There are still so many unknowns with COVID-19, with Dr. Borenstein noting that many are now facing a condition he’s penned as “Post Covid Fatigue.” My experience has taught me a lot, but most importantly, it’s reminded me to be grateful each and every single day for all the good in my life.

If you’re going through any sort of hard time, I encourage you to remember this – when you replace, “Why is this happening to me,” with “What is this trying to teach me?” –everything shifts.

1. Gratitude for Health

Why is it that, for the most part, we only think about how amazing our bodies are when we’re unwell? Having COVID-19 reminded me to appreciate my moving, working, and functioning body every single day. I was grateful to not have been near as sick as the millions of others, and that age and prior health and fitness levels were on my side.

2. Gratitude for Technology

Social media and technology can be toxic, but also such a blessing. Living overseas for the past few years has taught me how best to utilize technology to keep up relationships and special connections. While staying inside, I felt in touch with the outside world.

3. Gratitude for Loved Ones

This year has forced us to sift through and separate close friends from acquaintances. I’m lucky enough to have friends all over the world who organized Zoom trivia nights, called, texted, and local ones who kindly dropped groceries at my door, cooked me food, and even just sat outside for some face-toface time through my screen door.

4. Gratitude for a Home

Sadly, there’s been a large increase in homelessness this year. I not only had a roof over my head, but I was living alone – which gave me added peace in knowing I had not and was not going to pass on the virus. Another benefit was the large windows in my apartment. While I couldn’t go outside, the sun and natural light shone through every day.

5. Gratitude to be able to Stop and Smell the Roses

Not having been outside for close to nine weeks, when I first stepped out in peak Spring, the aroma of fresh flowers and the vision of bright colors was overwhelming in the best way. It was a lesson to appreciate the small things in life like being in nature and being able to simply go on walks. My lungs were compromised when I first stepped out. I could only walk around for 10 minutes before returning inside.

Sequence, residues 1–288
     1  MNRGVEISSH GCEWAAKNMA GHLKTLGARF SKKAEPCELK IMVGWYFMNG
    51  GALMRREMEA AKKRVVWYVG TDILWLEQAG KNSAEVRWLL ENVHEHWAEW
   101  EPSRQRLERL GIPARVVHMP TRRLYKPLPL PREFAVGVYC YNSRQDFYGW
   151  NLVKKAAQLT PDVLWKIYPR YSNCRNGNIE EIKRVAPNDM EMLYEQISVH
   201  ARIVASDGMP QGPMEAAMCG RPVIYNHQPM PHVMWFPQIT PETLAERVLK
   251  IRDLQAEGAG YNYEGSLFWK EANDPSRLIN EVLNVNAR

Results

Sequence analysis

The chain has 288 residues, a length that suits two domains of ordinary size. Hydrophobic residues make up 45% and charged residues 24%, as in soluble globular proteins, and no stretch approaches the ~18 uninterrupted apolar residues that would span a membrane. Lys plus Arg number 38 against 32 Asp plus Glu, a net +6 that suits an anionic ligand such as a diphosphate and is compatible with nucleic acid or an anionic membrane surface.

Annita is a writer and host living in Los Angeles originally from Sydney. She loves covering anything health, lifestyle, entertainment and travel, and her work has appeared in Daily Mail, and various other Australian and US publications.

More articles from this publication

Why Financial Well-Being Matters, Especially Now!

7 MINUTE READ from Wellness Interactive Branding, LLC. “The history of money is all about well-being, and I don’t just mean having enough of it to live well. Money itself— i.e., having a medium of exchange that represents value we all agree on—makes life so much easier,“ By Sheryl Nance

Read More »

There is Proof in the Power of Positive Thinking!

4 MINUTE READ from Wellness Interactive Branding, LLC. Good Vibes Only. Hustle Harder. No Excuses. “Positive thinking is an incredibly powerful tool for healing, but not when it comes at the expense of avoiding negative emotions or processing trauma.“ By Ashley Hubbard. How many times have you heard these statements?

Read More »